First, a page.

Oil Holds Losses on Bearish Headwinds



Oil Holds Losses on Bearish Headwinds
Oil held losses near a two-month low on pessimism over the global economic outlook and as American crude inventories expanded more than expected.

(Bloomberg) -- Oil held losses near a two-month low on pessimism over the global economic outlook and as American crude inventories expanded more than expected.

Futures were little changed in New York after contrasting headlines on the U.S.-China trade whipsawed markets earlier. Oil lost as much as 2.3% after a report that deputies had made no progress in talks and that the Beijing delegation would leave early, before paring most of those losses on a separate report that there was no change in the travel schedule. American crude stockpiles gained for a fourth straight week, contributing to ample global supply.

Oil has now slumped more than 16% since just after the mid-September attacks on Saudi Arabia as the kingdom quickly restored production and investors turned their attention to the global economic slowdown. The trade war is denting the demand outlook, with the heads of major traders including Vitol SA saying they see prices in the $50s a year from now.

While the volatile price-action this morning reflected the news flow, declines in prices have been pretty small this week, said Michael McCarthy, chief market strategist at CMC Markets Asia Pacific Pty in Sydney. That could indicate oil is already at the bottom of its trading range and that positive news could drive it back up, he said.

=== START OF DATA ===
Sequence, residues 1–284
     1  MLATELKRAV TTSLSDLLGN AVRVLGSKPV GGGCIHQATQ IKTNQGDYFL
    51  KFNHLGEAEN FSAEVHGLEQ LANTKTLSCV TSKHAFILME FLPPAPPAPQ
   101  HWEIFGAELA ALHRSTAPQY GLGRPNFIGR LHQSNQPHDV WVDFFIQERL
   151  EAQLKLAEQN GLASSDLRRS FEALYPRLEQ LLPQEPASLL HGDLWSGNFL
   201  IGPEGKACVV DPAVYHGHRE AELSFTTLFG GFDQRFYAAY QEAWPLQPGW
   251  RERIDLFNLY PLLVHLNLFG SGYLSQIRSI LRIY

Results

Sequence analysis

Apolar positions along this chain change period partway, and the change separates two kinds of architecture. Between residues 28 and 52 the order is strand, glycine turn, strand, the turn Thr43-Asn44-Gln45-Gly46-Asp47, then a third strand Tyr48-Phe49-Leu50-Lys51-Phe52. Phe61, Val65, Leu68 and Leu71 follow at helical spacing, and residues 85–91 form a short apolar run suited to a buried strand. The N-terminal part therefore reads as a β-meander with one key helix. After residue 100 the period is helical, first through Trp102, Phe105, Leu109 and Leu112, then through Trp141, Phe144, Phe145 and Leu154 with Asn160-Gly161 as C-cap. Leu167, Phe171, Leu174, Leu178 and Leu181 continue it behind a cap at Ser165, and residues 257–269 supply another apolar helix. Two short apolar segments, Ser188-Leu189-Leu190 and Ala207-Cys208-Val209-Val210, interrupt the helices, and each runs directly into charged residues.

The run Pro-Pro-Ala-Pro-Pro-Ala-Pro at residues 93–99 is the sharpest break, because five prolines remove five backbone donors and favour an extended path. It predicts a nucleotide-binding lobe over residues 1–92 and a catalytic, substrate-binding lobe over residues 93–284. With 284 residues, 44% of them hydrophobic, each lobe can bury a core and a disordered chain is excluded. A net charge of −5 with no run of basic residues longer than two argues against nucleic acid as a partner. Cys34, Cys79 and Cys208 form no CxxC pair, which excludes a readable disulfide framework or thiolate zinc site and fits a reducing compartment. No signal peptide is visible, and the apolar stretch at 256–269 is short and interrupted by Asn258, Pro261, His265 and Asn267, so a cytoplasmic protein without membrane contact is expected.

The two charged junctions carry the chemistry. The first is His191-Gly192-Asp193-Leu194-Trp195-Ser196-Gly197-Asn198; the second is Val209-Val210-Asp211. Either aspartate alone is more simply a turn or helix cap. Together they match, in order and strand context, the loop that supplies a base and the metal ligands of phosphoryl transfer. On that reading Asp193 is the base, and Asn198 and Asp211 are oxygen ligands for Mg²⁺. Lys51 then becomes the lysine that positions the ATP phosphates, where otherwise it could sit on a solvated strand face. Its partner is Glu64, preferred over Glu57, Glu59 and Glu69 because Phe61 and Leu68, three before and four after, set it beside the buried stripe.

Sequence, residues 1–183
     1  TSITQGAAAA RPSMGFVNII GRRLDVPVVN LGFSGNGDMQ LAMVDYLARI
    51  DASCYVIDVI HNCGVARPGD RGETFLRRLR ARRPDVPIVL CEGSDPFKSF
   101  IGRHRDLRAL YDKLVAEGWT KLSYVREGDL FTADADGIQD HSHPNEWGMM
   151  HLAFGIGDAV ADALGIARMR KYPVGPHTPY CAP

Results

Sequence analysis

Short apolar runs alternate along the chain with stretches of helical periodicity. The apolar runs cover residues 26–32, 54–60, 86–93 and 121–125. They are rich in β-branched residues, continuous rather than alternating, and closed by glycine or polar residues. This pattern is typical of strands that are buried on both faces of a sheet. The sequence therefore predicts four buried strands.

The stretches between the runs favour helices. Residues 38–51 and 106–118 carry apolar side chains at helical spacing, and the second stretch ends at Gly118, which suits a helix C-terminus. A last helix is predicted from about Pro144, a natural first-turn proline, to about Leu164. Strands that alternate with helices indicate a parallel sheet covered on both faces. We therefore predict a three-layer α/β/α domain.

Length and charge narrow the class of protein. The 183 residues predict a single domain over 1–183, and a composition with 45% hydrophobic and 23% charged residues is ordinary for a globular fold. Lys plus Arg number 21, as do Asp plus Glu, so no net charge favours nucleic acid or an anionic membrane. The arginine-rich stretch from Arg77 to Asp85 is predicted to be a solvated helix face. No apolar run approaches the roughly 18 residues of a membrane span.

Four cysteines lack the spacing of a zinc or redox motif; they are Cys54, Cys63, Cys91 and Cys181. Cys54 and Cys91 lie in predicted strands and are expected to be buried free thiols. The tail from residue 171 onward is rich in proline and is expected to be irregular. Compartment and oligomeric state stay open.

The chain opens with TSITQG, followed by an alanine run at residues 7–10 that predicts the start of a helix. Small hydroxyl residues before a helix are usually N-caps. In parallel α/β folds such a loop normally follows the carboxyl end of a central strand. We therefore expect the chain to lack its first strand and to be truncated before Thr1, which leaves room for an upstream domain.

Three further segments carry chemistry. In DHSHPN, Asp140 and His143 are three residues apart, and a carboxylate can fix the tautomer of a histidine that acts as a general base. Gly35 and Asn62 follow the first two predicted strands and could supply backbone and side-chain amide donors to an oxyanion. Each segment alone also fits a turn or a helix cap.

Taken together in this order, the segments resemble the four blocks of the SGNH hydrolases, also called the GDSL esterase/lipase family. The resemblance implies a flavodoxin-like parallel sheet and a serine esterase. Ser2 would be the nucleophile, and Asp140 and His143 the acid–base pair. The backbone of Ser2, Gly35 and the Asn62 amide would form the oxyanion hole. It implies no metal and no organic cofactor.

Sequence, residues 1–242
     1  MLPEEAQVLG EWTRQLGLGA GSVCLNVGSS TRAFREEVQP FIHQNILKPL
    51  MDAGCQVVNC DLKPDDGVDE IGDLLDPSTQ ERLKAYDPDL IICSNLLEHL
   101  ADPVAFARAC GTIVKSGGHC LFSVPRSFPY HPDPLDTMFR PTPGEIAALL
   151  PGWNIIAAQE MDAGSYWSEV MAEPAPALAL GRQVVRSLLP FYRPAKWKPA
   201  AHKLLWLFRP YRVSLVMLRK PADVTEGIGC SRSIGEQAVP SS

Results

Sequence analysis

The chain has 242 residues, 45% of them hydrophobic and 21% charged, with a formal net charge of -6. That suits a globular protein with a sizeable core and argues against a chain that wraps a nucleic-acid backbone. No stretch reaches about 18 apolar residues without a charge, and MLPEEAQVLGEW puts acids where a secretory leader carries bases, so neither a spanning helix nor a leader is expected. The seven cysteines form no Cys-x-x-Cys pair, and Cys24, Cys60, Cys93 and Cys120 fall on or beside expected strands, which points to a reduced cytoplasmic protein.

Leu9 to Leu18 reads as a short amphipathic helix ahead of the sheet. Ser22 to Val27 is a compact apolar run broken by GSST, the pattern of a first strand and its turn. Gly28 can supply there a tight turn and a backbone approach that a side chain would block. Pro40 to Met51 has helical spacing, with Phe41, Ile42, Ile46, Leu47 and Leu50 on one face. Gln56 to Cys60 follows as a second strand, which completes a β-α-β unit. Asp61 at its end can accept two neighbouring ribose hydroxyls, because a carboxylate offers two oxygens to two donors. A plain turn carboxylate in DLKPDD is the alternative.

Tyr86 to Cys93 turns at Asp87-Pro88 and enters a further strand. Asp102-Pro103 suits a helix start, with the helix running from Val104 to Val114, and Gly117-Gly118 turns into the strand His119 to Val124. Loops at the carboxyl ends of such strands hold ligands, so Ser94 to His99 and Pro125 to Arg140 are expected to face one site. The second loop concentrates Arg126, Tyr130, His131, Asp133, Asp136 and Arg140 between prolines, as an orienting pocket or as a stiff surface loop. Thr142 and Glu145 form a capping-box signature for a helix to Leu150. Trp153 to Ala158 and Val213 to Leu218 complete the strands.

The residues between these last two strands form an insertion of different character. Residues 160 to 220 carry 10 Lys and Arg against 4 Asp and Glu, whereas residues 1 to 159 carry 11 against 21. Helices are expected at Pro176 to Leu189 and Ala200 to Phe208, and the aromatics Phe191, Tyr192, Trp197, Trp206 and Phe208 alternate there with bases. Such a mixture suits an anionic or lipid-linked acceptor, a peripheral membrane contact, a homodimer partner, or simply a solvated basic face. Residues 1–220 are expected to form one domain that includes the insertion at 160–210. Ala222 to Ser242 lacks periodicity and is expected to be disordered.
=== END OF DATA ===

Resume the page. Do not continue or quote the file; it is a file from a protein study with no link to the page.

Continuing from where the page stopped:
West Texas Intermediate for November delivery fell 7 cents to $52.52 a barrel on the New York Mercantile Exchange as of 2:04 p.m. Singapore. The contract lost 4 cents to close at $52.59 on Wednesday.

Brent for December settlement dropped 6 cents, or 0.1%, to $58.26 a barrel on the London-based ICE Futures Europe Exchange. It rose 8 cents to $58.32 on Wednesday. The global benchmark crude traded at a $5.72 premium to WTI for the same month.

The prolonged spat between Beijing and Washington has sapped global demand, with Citigroup Inc. predicting last month that oil consumption growth has almost halved. China’s top trade negotiator will stay in the U.S. through Friday for meetings, according to people with knowledge of the matter. The White House is also weighing a currency pact with China as part of a partial deal.

U.S. crude stockpiles increased by 2.93 million barrels last week, according to the Energy Information Administration. The median estimate in a Bloomberg survey of analysts forecast a 1.9-million barrel draw. American oil production climbed to a record 12.6 million barrels a day.

To contact the reporters on this story:
Elizabeth Low in Singapore at elow39@bloomberg.net;
Heesu Lee in Seoul at hlee425@bloomberg.net

To contact the editors responsible for this story:
Serene Cheong at scheong20@bloomberg.net
Ben Sharples, Andrew Janes



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